Most importantly, however, Darwin??™s processes of natural selection explain the reason why every living organism is the way that it is. Natural selection can account for animals??™ fur color and texture, humans??™ skin color, songs of birds, necks of giraffes, the rise of resistance in infectious diseases, and so much more. Natural selection may even be able to elucidate the history of a particular organism based on its genotypic and phenotypic characteristics.
Darwin??™s ideas of natural selection are the greatest idea anyone ever had. His ideas have brought together many different complex aspects of science into one simple scheme. In short, the Darwinian processes explain the reason why every living creature is the way that it is, and no other idea can claim that.

Daruvar

Geografski odsjek PMF-a

Seminarski rad iz turisticke geografije

Razvoj turizma u gradu Daruvaru

Turisticko geografski polozaj grada Daruvara

Prema regionalizaciji Republike Hrvatske, Daruvar pripada sredisnjoj makroregiji. Daruvar se nalazi u njenom istocnom dijelu Lonjsko??“ilovskoj zavali. Kako uzi prostor Daruvara ne predstavlja posebnu prirodnu regiju, nema ni svog uzeg regionalnog imena. Granice tog prostora prolaze; na sjeveru naistocnijim obroncima Bilogore, na istoku zapadnim obroncima Papuka i Psunja na zapadu rijekom Ilovom i na jugu potokom Bijela.
Daruvar se nalazi na 45? 35??™ sjeverne geografske sirine i 17? 20??™ istocne geografske duzine na jugozapadnom dijelu prostrane panonske nizine, dok njegova nadmorska visina iznosi 155 -171 m. lezi u kotlinskom prosirenju rijeke Toplice, pritoka lijevog pritoka Ilove, na prijelazu planinskog prostora Papuka i valovitog poilovlja.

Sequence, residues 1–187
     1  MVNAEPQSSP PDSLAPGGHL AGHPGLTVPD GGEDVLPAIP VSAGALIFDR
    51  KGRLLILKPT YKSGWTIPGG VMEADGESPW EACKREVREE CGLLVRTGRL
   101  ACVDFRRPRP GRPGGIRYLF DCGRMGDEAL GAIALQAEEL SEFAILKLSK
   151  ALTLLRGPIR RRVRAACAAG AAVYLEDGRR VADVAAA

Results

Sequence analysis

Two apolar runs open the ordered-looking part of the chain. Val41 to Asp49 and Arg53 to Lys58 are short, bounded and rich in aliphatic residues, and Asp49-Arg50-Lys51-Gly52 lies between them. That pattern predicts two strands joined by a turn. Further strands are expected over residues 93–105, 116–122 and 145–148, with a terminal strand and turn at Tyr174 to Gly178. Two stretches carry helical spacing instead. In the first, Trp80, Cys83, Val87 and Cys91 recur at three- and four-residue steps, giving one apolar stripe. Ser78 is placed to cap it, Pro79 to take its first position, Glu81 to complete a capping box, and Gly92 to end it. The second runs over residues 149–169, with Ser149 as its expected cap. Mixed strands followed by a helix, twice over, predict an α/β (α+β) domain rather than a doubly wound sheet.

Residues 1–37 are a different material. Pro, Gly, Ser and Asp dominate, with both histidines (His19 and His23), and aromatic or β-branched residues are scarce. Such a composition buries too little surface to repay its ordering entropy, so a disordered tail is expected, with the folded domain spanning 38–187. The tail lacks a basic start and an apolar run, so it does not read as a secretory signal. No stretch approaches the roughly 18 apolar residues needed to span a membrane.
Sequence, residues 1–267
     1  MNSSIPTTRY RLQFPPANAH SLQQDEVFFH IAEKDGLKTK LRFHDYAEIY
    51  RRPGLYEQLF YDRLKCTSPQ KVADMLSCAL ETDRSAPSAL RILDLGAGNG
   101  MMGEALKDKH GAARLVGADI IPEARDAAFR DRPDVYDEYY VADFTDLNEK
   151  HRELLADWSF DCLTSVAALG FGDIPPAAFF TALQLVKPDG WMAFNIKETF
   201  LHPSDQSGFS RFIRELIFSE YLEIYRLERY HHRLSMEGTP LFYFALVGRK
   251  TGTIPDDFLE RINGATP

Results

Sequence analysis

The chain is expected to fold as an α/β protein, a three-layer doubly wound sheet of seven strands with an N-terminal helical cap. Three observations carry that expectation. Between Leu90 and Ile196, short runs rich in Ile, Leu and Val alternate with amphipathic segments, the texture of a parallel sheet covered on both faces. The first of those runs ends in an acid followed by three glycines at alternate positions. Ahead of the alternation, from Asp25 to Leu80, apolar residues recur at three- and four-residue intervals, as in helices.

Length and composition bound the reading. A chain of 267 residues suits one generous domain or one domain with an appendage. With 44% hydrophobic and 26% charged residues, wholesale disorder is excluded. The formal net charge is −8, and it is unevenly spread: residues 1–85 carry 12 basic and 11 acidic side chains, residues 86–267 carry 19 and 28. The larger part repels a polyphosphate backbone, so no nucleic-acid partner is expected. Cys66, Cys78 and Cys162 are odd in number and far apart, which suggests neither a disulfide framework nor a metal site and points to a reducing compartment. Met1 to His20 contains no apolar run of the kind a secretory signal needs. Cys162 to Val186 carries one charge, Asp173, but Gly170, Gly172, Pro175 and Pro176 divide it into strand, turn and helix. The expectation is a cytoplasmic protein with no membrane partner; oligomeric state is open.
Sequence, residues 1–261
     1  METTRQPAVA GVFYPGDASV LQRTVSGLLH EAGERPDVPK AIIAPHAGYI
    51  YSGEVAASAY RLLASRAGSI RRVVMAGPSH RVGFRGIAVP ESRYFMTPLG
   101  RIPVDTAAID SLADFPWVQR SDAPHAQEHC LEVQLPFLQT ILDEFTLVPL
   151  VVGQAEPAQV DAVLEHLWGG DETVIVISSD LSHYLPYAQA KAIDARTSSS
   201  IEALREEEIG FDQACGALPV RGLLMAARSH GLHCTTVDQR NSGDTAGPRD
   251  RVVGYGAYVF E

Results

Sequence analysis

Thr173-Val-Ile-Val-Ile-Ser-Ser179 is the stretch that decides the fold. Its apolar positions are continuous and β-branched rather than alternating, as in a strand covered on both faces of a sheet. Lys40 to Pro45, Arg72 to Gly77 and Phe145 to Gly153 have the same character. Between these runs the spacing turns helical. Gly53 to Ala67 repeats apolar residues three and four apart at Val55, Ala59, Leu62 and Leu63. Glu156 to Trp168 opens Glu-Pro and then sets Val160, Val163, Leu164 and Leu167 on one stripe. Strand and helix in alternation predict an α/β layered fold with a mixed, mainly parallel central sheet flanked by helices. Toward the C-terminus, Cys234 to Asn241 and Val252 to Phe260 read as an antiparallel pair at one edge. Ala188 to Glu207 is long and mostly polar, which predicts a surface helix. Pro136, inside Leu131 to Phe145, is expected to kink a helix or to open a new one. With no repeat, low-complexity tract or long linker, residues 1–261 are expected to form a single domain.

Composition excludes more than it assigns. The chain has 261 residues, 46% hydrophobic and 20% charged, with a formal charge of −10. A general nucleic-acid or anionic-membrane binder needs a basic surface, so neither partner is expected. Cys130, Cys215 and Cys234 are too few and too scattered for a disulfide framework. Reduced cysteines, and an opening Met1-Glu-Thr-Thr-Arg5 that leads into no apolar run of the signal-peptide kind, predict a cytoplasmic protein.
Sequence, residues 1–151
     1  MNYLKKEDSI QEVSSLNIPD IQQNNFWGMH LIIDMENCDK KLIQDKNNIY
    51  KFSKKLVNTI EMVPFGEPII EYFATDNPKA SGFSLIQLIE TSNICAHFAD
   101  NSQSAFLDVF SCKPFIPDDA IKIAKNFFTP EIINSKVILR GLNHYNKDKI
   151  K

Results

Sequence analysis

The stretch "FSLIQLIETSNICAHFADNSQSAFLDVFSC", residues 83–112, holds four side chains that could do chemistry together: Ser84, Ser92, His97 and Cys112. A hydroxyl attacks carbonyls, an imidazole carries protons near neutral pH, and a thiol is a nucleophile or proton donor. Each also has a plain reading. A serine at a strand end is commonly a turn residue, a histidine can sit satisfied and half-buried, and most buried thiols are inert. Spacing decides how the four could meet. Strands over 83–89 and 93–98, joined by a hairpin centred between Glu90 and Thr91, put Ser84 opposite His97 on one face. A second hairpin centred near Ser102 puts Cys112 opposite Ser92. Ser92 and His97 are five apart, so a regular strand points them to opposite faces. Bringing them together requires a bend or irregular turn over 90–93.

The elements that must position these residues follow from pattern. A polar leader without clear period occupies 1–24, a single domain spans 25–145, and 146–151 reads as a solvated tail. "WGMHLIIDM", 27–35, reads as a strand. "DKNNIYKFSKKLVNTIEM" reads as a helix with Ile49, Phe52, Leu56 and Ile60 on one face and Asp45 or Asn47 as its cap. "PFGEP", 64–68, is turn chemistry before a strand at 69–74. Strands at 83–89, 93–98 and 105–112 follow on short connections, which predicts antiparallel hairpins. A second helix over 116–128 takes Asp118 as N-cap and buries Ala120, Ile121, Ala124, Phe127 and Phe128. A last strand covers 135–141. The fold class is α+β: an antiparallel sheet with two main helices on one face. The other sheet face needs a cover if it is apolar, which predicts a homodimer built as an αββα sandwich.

Najjacu koncentraciju funkcija od vecih naselja regije ima Bjelovar, a Daruvar kao drugi grad zupanije ima direktnu utjecajnu zonu na svoj blizi prostor te je jedan od subreginalnih centara.
Daruvar se prostire na povrsini 64 km? i danas broji 9811 st. a s okolnim naseljima 13243. to su Daruvarski vinogradi, Doljani, Donji Daruvar, Gornji Majur, Ljudevit selo, Markovac i Vrbovac. Postanak naselja uvijetovali su termalni izvori uz rijeku Toplicu i padine gorskog masiva Papuk.
Urbana povijest Daruvara je duga i uskoro ce biti dvije tisuce godina od osnutka prvog lokaliteta poznatog kao organizirana urbana cijelina. Najstarije poznato naselje, smjesteno pored ljekovitih geotermalnih izvora na prostoru daruvarske kotline datira iz 4 st. prije Krista. Arheologija na ovom podrucju svojim nalazima (kamene sjekire) govori da je kraj bio naseljen i ranije, u kameno doba. Prvi poznati stanovnici daruvarskog podrucja bili su Jasi (Iassioi ili Iassi) sto znaci ??? toplicani ??? ili ??? Iscijelitelji ???, mjesavina ilirskih i keltskih plemena.